Meta-Analysis of Infectious Agents and Depression.

Depression is a debilitating psychiatric disorder and a growing global
public health issue. However, the relationships between microbial
infections and depression remains uncertain. A computerized literature
search of Medline, ISI Web of Knowledge, PsycINFO, and the Cochrane
Library was conducted up to May 2013, and 6362 studies were initially
identified for screening. Case-control studies detected biomarker of
microorganism were included. Based on inclusion and exclusion criteria,
28 studies were finally included to compare the detection of 16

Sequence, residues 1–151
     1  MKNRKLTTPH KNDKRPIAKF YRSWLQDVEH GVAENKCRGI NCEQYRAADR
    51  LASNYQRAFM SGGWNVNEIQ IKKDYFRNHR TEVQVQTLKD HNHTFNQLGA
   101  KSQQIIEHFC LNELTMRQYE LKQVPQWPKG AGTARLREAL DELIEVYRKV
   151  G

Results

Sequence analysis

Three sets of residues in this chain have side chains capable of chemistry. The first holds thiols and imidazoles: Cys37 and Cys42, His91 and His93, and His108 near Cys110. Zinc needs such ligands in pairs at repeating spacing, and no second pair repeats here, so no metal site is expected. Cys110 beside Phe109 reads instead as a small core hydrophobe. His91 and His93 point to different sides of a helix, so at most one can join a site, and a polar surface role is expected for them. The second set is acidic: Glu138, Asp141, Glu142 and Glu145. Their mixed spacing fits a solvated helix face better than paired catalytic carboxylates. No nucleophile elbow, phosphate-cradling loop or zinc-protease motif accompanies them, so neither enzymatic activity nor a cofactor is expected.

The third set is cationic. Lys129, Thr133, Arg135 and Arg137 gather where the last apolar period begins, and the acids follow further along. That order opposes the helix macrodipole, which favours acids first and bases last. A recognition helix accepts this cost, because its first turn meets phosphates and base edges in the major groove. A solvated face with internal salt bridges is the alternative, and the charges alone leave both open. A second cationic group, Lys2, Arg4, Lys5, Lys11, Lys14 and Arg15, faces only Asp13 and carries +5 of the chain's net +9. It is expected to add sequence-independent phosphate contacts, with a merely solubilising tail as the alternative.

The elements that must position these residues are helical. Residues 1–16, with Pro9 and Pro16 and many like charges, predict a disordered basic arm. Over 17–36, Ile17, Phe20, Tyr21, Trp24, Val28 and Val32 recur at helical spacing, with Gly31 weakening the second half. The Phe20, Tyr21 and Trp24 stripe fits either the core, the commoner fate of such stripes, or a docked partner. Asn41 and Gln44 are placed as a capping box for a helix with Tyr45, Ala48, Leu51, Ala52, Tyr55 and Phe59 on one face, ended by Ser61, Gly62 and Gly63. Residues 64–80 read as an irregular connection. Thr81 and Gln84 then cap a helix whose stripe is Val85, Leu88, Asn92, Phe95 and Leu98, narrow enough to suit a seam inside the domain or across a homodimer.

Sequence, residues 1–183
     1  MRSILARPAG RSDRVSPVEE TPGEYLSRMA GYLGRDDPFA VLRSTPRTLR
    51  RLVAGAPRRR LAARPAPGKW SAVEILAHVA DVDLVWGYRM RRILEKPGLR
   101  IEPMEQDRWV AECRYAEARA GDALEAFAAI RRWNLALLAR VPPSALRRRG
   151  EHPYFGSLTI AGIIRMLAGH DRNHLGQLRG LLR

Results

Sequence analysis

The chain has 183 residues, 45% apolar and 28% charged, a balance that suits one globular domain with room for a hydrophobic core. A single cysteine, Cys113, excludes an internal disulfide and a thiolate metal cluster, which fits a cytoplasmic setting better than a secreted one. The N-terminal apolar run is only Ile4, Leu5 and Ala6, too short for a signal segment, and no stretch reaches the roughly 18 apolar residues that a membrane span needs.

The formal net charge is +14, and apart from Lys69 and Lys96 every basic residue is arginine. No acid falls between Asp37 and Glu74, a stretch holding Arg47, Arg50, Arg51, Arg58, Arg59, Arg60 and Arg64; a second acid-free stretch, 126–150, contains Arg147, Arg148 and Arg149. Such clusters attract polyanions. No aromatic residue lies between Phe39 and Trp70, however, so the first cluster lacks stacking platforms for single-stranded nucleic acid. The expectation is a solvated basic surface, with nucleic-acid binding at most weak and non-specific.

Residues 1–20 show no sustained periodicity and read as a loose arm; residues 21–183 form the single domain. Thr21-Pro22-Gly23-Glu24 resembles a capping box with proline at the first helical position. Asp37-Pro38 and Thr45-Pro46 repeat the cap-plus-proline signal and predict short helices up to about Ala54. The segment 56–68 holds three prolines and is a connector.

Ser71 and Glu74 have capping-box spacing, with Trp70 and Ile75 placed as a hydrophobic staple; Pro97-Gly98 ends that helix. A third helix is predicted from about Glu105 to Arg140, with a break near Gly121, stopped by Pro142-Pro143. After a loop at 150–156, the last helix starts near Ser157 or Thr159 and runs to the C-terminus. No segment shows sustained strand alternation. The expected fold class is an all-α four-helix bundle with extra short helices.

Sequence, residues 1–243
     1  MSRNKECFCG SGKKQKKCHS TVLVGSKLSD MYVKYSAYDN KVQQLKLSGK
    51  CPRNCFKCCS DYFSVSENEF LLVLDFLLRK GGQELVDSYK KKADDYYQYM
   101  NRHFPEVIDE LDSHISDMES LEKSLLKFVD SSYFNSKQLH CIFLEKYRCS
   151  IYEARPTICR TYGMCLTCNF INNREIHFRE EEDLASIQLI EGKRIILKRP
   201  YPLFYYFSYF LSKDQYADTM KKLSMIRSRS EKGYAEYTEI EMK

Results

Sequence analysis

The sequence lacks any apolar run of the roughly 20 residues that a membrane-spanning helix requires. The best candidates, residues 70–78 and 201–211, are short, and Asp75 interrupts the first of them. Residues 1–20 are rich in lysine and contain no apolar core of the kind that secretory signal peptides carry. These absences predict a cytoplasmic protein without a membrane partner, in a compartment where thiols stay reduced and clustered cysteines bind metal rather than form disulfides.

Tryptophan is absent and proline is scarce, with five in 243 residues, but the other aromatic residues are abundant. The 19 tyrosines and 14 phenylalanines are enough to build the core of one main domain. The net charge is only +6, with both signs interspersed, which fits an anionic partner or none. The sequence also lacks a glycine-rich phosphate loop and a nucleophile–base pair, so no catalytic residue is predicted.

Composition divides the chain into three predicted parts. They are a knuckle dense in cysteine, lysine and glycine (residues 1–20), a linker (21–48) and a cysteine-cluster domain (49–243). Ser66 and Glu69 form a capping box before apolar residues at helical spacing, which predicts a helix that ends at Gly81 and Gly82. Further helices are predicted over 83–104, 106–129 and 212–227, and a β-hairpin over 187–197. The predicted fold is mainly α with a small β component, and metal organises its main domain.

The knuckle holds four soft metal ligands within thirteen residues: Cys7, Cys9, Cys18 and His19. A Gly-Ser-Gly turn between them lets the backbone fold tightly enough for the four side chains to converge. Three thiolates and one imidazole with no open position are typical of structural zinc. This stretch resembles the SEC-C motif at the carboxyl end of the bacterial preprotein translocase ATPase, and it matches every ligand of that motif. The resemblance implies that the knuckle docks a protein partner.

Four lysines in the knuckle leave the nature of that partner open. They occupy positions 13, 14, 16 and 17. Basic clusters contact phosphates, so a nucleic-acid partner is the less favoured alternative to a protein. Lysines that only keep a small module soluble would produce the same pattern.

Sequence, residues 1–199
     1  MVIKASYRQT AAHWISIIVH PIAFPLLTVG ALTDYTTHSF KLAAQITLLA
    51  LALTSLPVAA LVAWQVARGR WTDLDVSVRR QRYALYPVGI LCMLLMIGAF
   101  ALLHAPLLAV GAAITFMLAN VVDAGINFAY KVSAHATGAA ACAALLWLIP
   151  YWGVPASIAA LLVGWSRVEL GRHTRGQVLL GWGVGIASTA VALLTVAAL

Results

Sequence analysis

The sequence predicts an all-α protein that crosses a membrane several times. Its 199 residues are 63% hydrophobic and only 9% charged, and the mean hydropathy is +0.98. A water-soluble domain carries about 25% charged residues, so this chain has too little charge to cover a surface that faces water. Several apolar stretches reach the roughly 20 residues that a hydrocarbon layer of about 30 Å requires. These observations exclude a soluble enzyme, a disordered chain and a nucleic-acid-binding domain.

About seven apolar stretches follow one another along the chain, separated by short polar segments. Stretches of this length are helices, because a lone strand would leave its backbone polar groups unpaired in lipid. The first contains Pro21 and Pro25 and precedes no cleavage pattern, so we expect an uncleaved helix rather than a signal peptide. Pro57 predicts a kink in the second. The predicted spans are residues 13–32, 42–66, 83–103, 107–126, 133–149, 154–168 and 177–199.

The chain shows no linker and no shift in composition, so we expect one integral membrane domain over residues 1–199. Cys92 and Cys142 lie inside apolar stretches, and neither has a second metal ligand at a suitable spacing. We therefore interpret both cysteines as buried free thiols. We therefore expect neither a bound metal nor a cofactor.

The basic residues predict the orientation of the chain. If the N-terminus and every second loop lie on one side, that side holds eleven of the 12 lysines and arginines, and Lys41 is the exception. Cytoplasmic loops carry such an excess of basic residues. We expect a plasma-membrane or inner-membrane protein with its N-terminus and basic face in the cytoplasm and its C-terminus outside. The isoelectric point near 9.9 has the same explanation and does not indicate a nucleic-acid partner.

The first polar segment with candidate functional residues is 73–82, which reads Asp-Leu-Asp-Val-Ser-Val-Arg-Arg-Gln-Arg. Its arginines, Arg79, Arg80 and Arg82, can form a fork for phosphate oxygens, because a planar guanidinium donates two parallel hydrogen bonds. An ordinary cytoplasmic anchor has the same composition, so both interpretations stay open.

infectious agents in unipolar depressed patients and healthy controls
with a positive incident being defined as a positive biochemical marker
of microbial infection. A customized form was used for data extraction.
Pooled analysis revealed that the majority of the 16 infectious agents
were not significantly associated with depression. However, there were
statistically significant associations between depression and infection
with Borna disease virus, herpes simplex virus-1, varicella zoster
virus, Epstein-Barr virus, and Chlamydophila trachomatis.

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